Scientists created a ‘black hole’ using this ultra-powerful laser
U.S. scientists have created their own “black hole” using the world’s most powerful X-ray laser.
Researchers in the past had used a lower-intensity beam on small molecules, which in turn stripped away electrons from the molecules’ iodine atoms. But in a recent experiment, a team used a high-intensity beam instead — and the results came as a big surprise.
A single laser pulse stripped all but a few electrons in the molecule’s biggest atom from the inside out. That created a void, which pulled in electrons from the rest of the molecule — akin to a black hole in space that devours neighboring stars, though on a teeny-tiny scale, according to a paper published on Wednesday in the journal Nature.
“We certainly weren’t expecting this from previous measurements,” said Sebastien Boutet, a co-author of the study and a scientist at the Department of Energy’s SLAC National Accelerator Laboratory, which houses the free-electron, X-ray laser.
The microscopic black hole didn’t live for long, however. Within 30 femtoseconds — millionths of a billionth of a second — the molecule lost more than 50 electrons, and then exploded. With laser temperatures in the thousands of degrees, the molecule never stood a chance as it was.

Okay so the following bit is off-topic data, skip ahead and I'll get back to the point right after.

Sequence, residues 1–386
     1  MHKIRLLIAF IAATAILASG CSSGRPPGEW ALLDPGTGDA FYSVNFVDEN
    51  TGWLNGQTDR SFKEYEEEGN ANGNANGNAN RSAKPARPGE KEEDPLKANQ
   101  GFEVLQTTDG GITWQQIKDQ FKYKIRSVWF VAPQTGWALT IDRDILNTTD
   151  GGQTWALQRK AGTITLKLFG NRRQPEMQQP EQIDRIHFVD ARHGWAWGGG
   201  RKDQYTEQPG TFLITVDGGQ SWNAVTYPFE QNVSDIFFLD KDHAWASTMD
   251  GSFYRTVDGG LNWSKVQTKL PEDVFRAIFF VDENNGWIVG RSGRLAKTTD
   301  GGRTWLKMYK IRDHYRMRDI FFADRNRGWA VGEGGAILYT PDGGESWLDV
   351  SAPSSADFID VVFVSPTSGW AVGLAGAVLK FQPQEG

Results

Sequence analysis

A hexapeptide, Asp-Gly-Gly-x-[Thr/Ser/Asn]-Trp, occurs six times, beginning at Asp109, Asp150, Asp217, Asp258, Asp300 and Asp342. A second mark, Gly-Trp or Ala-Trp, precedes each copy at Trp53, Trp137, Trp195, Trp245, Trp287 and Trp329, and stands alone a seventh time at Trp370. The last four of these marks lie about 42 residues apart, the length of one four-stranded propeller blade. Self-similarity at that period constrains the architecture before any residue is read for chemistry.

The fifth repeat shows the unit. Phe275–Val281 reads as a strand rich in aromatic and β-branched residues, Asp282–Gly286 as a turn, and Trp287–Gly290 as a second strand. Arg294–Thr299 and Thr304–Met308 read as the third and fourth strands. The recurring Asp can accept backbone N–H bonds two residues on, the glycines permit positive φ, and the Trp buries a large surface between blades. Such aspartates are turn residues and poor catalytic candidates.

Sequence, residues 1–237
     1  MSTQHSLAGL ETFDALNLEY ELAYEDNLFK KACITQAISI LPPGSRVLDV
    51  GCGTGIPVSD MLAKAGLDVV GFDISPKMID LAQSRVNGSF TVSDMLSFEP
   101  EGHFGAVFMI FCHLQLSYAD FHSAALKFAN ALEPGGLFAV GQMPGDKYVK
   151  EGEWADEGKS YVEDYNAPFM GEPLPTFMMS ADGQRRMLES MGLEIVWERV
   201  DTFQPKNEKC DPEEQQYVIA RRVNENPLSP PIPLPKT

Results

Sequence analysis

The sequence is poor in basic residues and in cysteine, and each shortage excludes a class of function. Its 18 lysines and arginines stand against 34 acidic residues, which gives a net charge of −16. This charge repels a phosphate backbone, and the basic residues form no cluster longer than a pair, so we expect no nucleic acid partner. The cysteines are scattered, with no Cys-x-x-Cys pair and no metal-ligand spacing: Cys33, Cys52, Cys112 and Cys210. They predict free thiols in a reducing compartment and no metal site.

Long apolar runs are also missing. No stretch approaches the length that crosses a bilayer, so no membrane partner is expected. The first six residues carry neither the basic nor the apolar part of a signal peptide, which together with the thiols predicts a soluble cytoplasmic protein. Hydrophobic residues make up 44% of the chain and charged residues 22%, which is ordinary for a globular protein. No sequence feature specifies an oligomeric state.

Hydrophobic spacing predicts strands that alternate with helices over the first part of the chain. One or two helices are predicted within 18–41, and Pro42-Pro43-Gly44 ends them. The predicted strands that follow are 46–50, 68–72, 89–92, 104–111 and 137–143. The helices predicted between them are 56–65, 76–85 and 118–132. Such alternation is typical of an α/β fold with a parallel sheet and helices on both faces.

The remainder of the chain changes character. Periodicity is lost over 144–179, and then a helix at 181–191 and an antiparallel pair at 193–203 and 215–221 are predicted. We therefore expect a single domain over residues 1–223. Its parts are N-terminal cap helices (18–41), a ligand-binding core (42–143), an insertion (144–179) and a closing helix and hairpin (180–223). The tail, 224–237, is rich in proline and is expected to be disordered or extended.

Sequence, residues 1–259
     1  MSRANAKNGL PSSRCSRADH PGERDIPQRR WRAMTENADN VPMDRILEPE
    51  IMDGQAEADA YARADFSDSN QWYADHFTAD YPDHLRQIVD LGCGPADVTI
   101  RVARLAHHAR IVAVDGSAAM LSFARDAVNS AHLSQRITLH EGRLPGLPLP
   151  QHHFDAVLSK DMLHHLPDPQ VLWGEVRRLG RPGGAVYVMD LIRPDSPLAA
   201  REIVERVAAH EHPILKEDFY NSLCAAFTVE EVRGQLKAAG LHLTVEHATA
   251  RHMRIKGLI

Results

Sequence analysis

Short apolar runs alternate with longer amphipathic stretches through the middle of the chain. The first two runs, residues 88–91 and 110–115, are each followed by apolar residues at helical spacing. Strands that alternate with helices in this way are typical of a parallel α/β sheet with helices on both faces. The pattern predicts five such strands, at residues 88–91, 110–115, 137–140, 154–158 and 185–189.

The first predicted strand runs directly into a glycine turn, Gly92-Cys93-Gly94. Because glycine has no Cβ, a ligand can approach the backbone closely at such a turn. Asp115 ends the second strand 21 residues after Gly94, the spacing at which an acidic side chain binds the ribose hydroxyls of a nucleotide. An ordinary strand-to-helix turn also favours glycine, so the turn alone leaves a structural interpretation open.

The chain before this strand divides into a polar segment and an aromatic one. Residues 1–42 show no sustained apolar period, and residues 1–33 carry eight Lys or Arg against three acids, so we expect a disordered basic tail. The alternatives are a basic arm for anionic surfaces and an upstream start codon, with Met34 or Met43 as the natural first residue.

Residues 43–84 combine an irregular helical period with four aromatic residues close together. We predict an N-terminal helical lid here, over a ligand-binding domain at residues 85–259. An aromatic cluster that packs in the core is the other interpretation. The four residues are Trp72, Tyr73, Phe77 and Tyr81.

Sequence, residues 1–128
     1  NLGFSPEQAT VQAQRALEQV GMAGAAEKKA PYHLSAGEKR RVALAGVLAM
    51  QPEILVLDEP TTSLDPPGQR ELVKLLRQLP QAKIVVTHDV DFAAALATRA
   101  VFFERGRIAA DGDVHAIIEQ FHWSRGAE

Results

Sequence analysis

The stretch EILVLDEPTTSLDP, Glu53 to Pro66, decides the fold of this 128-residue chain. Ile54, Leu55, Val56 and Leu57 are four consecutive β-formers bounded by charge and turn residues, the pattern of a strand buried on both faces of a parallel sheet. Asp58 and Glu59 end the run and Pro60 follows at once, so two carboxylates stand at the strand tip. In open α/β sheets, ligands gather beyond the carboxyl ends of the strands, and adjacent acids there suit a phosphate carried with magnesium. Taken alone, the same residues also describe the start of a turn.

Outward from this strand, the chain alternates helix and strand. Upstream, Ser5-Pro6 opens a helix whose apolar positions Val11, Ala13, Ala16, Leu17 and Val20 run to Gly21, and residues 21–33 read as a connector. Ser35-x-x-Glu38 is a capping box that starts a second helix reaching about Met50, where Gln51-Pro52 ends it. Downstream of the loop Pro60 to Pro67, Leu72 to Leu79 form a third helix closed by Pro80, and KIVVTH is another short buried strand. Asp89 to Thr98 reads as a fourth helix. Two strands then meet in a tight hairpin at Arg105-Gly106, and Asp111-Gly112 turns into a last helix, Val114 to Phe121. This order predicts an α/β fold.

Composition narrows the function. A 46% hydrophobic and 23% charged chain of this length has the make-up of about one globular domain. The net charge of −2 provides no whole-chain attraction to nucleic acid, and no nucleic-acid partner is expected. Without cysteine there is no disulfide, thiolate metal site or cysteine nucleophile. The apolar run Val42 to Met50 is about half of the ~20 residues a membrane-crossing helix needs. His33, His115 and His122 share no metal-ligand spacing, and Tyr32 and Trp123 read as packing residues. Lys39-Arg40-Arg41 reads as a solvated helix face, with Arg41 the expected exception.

Daniel Rolles and Artem Rudenko of Kansas State University led the experiment, which took place at the SLAC lab’s Linac Coherent Light Source office in Menlo Park, California.
U.S. and international scientists alike have used the powerful laser to attempt to image individual biological objects, such as viruses and bacteria, at high resolution. They’re also conducting experiments to see how matter behaves under extreme conditions and to better understand the charge dynamics of complex molecules.
But researchers are still learning how the instrument works and how to decipher the measurements it collects.
With the laser, they can gather data from molecular samples in less than the blink of an eye, but the samples are inevitably damaged and destroyed. It’s not always clear if scientists’ measurements are from the unsullied sample or reflect some of the laser’s damage, Boutet said by phone.
Rolles said the high-intensity laser experiment could help scientists better plan and interpret future work using the X-ray pulse.
“For any type of experiment you do that focuses intense X-rays on a sample, you want to understand how it reacts to the X-rays,” he said in a press release. “This paper shows that we can understand and model the radiation damage in small molecules, so now we can predict what damage we will get in other systems.”